Luxury stocks now know how the other half lives.
Shares of companies that cater to the upper crust, including Tiffany, tif Saks, sks Morton's mrt, Sotheby's bid and Wynn Resorts wynn, are getting the silver spoons taken out of their mouths by investors worried that even the super rich are closing their wallets.
In a year when stocks in general, measured by the Standard & Poor's 500 index, are down 41%, the luxury players are down even more. Saks' stock is down 81%, Sotheby's, 79%, and Tiffany's, 51%. That's quite a change from a year ago, when luxury companies were viewed as being immune from the downturn because their customers didn't have subprime loans. But now, the wealthiest consumers are beginning to feel the pressure as their portfolios shrivel and jobs in the financial sector vanish in a reverse wealth effect.
"Higher-income consumers are worried about their wealth and income," says David Schick, a Tiffany analyst at Stifel Nicolaus. And wealth and income are "two reasons why consumers are comfortable buying large-ticket items."
Companies that serve well-heeled investors are feeling pain because of:
•Stock market losses. Spending on luxury goods tends to move with the stock market, says Jeff Mintz of Wedbush Morgan. He follows True Religion, which sells jeans costing $200 and up. Its shares, which were up 49% for 2008 in September, now are down 46% for the year.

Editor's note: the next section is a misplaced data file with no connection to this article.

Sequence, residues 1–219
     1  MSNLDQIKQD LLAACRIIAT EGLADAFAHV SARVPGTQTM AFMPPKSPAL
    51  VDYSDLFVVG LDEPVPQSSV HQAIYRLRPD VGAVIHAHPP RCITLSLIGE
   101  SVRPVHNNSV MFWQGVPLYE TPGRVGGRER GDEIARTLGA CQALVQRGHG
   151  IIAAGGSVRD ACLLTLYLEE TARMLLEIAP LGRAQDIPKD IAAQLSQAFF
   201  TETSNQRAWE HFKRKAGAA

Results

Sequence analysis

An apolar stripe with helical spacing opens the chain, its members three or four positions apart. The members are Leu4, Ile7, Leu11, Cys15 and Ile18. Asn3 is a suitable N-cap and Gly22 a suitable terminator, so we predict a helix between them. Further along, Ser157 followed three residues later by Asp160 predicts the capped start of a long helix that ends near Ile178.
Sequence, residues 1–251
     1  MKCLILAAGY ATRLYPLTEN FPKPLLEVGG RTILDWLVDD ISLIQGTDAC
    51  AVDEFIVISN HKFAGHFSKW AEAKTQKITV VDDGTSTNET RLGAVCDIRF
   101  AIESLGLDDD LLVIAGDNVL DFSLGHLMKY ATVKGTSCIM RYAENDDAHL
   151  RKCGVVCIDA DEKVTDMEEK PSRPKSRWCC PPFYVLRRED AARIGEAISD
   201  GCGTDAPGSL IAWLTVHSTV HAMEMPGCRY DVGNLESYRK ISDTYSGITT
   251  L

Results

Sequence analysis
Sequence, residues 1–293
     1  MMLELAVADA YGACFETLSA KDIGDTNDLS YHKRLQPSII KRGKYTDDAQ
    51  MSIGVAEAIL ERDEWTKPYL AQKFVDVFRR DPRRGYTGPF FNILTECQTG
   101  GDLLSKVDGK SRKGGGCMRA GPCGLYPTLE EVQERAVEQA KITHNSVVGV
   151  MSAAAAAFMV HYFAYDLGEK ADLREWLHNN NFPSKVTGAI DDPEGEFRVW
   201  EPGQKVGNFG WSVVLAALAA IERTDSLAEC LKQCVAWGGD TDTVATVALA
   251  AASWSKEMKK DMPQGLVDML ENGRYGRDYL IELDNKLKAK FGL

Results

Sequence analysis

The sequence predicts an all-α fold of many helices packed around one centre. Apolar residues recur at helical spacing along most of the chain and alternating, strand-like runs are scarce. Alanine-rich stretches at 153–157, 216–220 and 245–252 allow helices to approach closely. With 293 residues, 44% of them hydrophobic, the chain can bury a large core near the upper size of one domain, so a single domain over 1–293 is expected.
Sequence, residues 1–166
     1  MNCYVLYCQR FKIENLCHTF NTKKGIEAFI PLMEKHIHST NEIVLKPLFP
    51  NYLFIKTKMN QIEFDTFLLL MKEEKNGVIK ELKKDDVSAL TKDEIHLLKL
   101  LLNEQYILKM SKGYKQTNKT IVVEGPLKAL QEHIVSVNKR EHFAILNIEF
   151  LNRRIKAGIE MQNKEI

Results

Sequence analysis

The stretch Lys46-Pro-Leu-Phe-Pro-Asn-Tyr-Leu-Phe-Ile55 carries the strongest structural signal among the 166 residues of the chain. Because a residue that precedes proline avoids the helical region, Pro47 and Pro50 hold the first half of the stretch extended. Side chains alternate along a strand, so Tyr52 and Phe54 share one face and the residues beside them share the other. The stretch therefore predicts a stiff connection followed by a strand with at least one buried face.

•Implosion of the financial industry. Highly paid members of New York's financial industry were big contributors to the luxury segment, including Tiffany's, Schick says. Many of those jobs have been eliminated.
•Uncertainty of when things will improve. Wynn Resorts has long been the bright spot among casino operators in Las Vegas. Shares of Wynn hit record highs in October 2007, even as investors dumped shares of its rivals. Now, though, Wynn's shares are down 61% for 2008, which, while better than the 80%-plus losses of rivals, is a sign the luxury segment is getting hit, too, says Jeffrey Logsdon of BMO Capital. "Everyone is feeling it," he says. High-end consumers are postponing Vegas trips, spending less if they go or canceling plans completely, he says.
Analysts don't expect the rich to get comfortable with spending freely for some time. "We understand how bad things are," Schick says. "We just don't know how long it stays bad."